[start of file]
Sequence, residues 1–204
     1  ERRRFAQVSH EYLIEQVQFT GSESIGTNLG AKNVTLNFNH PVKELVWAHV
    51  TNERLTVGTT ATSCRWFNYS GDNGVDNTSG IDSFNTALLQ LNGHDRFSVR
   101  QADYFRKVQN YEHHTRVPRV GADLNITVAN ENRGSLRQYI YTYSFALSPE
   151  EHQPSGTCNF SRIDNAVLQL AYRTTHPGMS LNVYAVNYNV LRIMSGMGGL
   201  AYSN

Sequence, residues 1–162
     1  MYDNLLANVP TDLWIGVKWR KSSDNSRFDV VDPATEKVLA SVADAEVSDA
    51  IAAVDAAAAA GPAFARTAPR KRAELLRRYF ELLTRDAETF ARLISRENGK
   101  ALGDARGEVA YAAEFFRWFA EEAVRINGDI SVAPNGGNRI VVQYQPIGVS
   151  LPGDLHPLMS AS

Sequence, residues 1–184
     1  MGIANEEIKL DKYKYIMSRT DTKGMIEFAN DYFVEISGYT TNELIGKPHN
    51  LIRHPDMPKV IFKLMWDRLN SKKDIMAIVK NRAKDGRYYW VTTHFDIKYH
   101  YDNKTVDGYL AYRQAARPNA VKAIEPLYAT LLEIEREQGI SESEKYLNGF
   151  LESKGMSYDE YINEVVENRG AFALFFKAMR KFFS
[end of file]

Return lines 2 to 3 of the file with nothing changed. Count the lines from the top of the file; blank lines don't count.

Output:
     1  ERRRFAQVSH EYLIEQVQFT GSESIGTNLG AKNVTLNFNH PVKELVWAHV
    51  TNERLTVGTT ATSCRWFNYS GDNGVDNTSG IDSFNTALLQ LNGHDRFSVR